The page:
In Mindanao there are only two (2) IBP regions: the IBP Eastern Mindanao Region (with provincial chapters) and the IBP Western Mindanao Region (witheight  provincial chapters). The IBP Eastern Mindanao Region had a regional membership of 2,362 lawyers as of the end of 1999. The IBP Davao City Chapter, with a membership of 878 lawyers, accounted for 37.17 percent of the region. It was followed by the IBP Misamis Oriental Chapter, with a membership of 596 or equivalent to 25.23 percent of the region. If we combined the membership of the IBP Davao City Chapter (878) with those of the three (3) Davao provinces, namely, the IBP Davao del Norte Chapter (123), the IBP Davao de Sur Chapter (125), and the IBP Davao Oriental Chapter (59), their combined total would reach 1,185, representing a huge 50.16 percent of the membership of the region. In other words, one (1) of every two (2) lawyers in Eastern Mindanao resides or practices law in the geographical Davao Area; one (1) out of every three (3) lawyers in Eastern Mindanao resides or practices law in Davao City; and one (1) out of every four (4) lawyers in Eastern Mindanao resides or practices law in Misamis Oriental. The IBP Western Mindanao Region had a regional membership of 2,217 lawyers as of the end of 1999. The IBP Basilan-Zamboanga City-Sulu Chapter, with a membership of 354
lawyers, accounted for 15.97 percent of the region. It was followed by the IBP Cotabato Chapter, with a membership of 323 or equivalent to 14.57 percent of the region. If we combined the numbers of lawyers inZamboanga City, Zamboanga del Note and Zamboanga del Sure, their total would reach 818, representing 36.90 percent of the membership of the region. In other words, one (1) of every three (3) lawyers in Western Mindanao resides or practices law in the geographical Z amboanga Area. B.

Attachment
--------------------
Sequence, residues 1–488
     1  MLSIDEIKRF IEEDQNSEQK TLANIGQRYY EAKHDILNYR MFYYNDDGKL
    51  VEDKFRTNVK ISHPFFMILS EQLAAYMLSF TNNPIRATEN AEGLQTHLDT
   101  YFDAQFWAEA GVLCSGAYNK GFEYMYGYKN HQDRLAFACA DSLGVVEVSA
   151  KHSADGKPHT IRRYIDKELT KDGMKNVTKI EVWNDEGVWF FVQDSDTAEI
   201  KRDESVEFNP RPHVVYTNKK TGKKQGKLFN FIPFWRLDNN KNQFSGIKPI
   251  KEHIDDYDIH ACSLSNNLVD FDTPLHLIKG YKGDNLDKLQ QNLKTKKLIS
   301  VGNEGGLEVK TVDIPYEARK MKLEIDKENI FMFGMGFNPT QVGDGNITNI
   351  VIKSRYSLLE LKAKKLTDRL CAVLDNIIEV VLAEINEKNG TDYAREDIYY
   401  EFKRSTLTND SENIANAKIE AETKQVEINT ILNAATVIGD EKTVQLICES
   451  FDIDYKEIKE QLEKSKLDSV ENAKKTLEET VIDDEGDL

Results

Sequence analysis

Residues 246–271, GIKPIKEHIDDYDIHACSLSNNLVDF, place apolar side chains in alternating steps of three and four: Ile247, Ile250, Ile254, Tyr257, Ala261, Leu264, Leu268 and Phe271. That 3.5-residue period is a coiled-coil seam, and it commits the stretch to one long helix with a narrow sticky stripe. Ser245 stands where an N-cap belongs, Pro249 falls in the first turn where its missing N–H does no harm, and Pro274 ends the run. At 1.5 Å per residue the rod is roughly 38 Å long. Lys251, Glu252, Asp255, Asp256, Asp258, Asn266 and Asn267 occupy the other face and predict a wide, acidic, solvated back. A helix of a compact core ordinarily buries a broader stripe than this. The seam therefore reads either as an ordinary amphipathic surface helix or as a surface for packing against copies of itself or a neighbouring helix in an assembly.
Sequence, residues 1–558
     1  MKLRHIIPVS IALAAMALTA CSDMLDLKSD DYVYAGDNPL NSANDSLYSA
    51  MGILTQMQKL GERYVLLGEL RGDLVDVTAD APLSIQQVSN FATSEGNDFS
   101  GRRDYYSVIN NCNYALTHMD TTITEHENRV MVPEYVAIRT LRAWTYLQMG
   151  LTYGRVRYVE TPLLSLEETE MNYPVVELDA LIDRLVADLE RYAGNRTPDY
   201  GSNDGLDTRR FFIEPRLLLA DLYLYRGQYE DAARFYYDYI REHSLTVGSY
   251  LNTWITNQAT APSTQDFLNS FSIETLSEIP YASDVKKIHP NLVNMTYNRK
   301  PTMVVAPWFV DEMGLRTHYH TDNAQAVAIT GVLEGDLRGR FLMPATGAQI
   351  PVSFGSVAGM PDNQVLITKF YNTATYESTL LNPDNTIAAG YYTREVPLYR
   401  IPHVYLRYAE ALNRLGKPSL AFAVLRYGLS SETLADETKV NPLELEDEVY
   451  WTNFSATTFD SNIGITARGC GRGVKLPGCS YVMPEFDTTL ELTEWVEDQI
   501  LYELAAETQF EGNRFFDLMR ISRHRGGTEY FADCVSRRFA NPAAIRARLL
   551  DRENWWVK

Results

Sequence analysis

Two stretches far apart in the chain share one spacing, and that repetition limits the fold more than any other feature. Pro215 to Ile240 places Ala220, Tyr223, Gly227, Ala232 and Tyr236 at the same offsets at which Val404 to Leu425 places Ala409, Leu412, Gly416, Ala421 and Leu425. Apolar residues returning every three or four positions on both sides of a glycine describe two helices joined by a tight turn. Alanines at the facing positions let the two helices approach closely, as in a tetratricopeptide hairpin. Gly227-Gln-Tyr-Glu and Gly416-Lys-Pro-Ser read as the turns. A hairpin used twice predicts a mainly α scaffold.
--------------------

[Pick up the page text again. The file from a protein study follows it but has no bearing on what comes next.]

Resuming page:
1. Congestion in the Courts
In 1991, 254, 976 cases were pending in the lower courts of the Philippines. During that year 330,171 new cases were filed. By the end of 1991, 255, 523 remained pending. The case disposition rate for 1991 was 39.70 percent. In 1992, the case disposition rate for lower courts was 37.94 percent. In 1993, it was 36.20 percent. Three years later, in 1996, the courts could only manage to dispose of only 27.45 percent of their pending cases. In 1999, 771, 337 cases were pending with the lower courts. With 558, 649 new cases to deal with in 1999, the lower courts managed to disposed of only 25.50 percent of their pending cases. In 2000, the caseload of lower courts was 801, 625 cases. Former Court Administrator Alfredo L. Benipayo attributed the congestion to Athe increased volume of new cases being filed and the large number of vacant [email protected]
(Justice Alfredo L. Benipayo, AThe Fair Cost of [email protected]
, speech delivered at the Annual National Convention of the Integrated Bar of the Philippines [IBP] 14th House of Delegates held at Crown Peak Garden Hotel, Subic, Olongapo City on May 27, 2000, 19 pp.). The Philippines now needs 731 judges, distributed as follows: Regional Trial Courts - 192 Judges; Municipal Trial Courts - 33 Judges; Municipal Circuit Trial Courts - 263 Judges; Shar=ia District Courts - 3 Judges; and Shar=ia Circuit Courts - 32 Judges Sen. Franklin Drilon has filed a bill exempting the salaries of judges from the Salary Standardization Law. It is aimed at increasing the salaries of judges to entice good private trial lawyers to join the judiciary. It may be approved into law anytime this year. (A. Calica, ADrilon : 731 Judges=Positions [email protected]